Valentine’s Day is one of my favorite American holidays. The fact
that this over-commercialized day falls around the same time as Tibetan New Year reminds me to make new year’s resolutions relating to my loved ones, and to renew my commitment to cultivating warm empathetic, altruistic compassion and unselfish goodness of heart, the very essence of authentic love. These resolutions usually involve opening my heart and mind; listening better; learning to forgive and love even those I don’t like; and coming to accept and bless the world, rather than fighting with it or trying to escape from it. Through co-meditating with everything, as it appears; through intermeditation and interbeing with it–rather than against or apart from “it”– I am learning to see thru the illusion of separateness. I also remember groups and individuals who may not feel included in this so-called lovers’ day in our country, including single people and the LGBTQ+ communities. As Zen Master Dogen says: “To study the Buddha Way is to be intimate with all things.” This is true love.
What is true love? How would Buddha love? By seeing every single being, human and otherwise, as fundamentally like himself, and thus able to treat them and love them in the way he or she would be treated. We call this infinitely benevolent, selfless love the invaluable Bodhicitta or the Awakened Heart, the very spirit and soul of enlightenment. One can find this taught elegantly in the “Loving-kindness Sutra”; in Shantideva’s classic “The Way of the Bodhisattva“; in Atisha’s “Seven Points of Mind-Training & Attitude Transformation,” and in The Good Book.
Nearly two decades of teaching Nonviolent Communication (NVC) and continuing to deeply explore its tenets has brought me to a place where I find myself living from a definition of love that is at once contemplative practice and beautiful revelation… a generous and unexpected gift springing from the discipline of NVC which, without a doubt, can profoundly impact our personal and collective lives if we apply ourselves to learning it.
By Constance Kellough, who will be presenting Innerbody Meditation at Hollyhock on July 12-16, 2017.
There are many different meditation practices originating from various spiritual and secular traditions. Most, however, stress the importance of quieting the compulsive thinking mind, which wanders on average 50 times in 5 minutes. This on-going thinking (which is often unsettling, non- productive and not related to what we are experiencing in the present moment) usually emanates from some level of egoic fear and pulls us into the past or into the future.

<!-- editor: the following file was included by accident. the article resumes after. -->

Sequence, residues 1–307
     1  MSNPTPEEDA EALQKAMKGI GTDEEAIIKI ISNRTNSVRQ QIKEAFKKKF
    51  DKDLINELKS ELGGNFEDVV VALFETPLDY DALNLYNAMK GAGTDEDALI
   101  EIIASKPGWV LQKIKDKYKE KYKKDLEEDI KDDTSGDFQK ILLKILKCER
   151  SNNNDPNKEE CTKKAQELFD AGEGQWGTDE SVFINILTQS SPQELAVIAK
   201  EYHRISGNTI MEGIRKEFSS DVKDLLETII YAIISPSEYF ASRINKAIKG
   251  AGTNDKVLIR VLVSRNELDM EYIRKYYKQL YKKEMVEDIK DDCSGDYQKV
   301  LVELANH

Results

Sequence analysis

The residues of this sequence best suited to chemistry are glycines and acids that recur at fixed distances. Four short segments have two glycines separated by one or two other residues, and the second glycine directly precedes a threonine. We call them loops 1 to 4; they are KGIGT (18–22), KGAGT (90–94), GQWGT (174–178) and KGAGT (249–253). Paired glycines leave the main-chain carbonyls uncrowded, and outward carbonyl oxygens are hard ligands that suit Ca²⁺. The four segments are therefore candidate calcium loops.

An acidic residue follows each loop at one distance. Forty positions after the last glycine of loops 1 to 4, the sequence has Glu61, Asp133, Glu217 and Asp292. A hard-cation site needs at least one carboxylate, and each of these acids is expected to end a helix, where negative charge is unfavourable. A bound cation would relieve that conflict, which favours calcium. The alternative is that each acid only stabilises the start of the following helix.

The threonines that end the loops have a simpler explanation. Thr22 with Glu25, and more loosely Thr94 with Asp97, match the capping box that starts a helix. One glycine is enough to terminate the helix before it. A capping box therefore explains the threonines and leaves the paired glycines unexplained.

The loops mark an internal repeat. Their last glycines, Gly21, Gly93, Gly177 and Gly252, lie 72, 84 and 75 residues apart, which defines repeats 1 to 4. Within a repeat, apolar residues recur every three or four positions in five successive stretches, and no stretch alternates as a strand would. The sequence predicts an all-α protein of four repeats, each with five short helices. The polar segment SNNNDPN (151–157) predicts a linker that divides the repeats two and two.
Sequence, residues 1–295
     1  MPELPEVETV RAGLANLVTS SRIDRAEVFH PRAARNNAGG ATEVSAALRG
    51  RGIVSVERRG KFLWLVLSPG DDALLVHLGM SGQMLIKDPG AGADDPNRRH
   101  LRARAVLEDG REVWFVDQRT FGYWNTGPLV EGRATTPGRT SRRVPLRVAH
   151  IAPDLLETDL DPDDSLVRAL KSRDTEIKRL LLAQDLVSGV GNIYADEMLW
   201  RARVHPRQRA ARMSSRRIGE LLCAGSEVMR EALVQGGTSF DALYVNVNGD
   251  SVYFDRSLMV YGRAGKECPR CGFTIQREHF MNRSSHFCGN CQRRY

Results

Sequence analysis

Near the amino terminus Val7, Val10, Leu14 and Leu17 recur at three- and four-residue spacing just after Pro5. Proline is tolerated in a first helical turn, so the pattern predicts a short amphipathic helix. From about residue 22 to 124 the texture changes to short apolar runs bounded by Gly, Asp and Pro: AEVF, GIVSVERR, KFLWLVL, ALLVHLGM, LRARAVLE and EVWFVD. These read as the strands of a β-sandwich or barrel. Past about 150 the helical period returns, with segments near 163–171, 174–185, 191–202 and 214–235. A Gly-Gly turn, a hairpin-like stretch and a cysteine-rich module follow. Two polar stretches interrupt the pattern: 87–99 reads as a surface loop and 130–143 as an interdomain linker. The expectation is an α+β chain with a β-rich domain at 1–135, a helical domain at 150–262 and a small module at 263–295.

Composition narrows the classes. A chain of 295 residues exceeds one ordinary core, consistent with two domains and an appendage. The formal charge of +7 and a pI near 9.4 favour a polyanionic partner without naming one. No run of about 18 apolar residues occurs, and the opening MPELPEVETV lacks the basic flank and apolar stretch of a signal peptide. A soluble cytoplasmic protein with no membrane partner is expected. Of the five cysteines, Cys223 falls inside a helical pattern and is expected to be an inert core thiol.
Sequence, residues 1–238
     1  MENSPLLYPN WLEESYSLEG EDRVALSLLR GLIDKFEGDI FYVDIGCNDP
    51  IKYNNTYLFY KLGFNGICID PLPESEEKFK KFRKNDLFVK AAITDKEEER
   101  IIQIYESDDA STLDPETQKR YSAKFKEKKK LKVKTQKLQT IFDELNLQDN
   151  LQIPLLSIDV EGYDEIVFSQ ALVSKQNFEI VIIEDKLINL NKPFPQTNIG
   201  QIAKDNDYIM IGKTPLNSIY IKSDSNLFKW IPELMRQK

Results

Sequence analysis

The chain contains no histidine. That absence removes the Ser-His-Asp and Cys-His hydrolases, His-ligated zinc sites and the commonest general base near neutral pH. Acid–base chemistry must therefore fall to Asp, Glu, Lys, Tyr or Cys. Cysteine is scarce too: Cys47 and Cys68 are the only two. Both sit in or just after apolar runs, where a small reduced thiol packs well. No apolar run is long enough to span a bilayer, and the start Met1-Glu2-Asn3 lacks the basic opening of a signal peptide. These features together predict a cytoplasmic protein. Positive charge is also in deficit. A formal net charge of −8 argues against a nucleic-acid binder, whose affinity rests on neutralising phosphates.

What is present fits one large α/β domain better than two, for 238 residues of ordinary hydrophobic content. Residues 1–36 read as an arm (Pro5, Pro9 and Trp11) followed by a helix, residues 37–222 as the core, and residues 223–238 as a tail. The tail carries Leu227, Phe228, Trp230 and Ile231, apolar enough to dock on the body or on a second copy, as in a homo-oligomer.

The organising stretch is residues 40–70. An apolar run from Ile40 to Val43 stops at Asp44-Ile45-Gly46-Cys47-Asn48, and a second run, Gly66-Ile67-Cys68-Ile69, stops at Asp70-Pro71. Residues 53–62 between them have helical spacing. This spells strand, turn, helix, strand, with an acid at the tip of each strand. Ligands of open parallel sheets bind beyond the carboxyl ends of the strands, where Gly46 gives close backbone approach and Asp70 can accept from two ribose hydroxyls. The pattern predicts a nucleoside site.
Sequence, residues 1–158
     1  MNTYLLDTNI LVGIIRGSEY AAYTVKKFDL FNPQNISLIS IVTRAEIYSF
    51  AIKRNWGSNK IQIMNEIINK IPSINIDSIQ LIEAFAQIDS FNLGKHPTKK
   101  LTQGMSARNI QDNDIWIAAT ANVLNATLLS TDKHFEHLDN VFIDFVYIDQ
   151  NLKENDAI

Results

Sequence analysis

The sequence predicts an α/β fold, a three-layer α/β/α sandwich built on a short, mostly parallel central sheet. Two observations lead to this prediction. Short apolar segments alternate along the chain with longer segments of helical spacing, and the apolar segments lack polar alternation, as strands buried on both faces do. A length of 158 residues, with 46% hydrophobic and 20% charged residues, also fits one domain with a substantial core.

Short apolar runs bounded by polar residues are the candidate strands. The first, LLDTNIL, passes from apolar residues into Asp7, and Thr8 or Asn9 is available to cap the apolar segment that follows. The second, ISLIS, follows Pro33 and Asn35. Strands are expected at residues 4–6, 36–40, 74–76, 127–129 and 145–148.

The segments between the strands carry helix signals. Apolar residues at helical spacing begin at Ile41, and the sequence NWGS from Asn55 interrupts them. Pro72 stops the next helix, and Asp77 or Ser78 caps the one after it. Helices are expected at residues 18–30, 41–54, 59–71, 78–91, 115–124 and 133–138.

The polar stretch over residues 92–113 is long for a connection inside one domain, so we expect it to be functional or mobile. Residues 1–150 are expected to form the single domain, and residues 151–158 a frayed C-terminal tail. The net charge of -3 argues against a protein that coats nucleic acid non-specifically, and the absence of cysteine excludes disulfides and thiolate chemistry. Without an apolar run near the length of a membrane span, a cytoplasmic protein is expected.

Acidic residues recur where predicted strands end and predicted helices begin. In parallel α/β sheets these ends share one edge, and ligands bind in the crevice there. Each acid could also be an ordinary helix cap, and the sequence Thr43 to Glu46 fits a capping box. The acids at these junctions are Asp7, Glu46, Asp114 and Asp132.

So instead, we may crave to experience blessed stillness. Why? Because stillness is our natural state; it’s our essential self.
Stillness rises on its own when there is no thought. Eckhart Tolle has said, “Stillness is the language God speaks.”
So how does stillness relate to love? It has been said, “Be still and know that I am God.” Because God is love, one could also say, “Be still and know that I am love.”
When two people are authentically themselves in a state of stillness (some call it “presence”) with one another, they are in a state of love.
Love is something we all want to experience, to enjoy and rest into. Yet it often seems elusive, disappointing and full of hurt and confusion.
We tend to think of love as a noun –something we need, try to get, something we have or don’t have enough of. We search outside ourselves for someone to give us the love we think we’re missing. Most of us have tried to get others to fill the place inside us that feels unloved and un-loveable. This simply doesn’t work.
Here are two ways of contemplating the mystery that we call Love.
This 2 part recording contains highlights from two special evening events covering the oft-misunderstood foundations of yogic sexuality and pleasure. This is the first time Michaela Boehm has presented this information in a structured lecture series and this recording gives a cohesive overview of pleasure practice and the foundations of intimacy. This audio is primarily a lecture with a few select answers to practice questions from the audience.
– Discover the always present pleasure in your body
– Examine the habitual closures towards deep feeling
– Learn about the foundations of pleasure
– Identify the triggers and trauma patterns
– Sensitizing the body and learning how to live with that sensitivity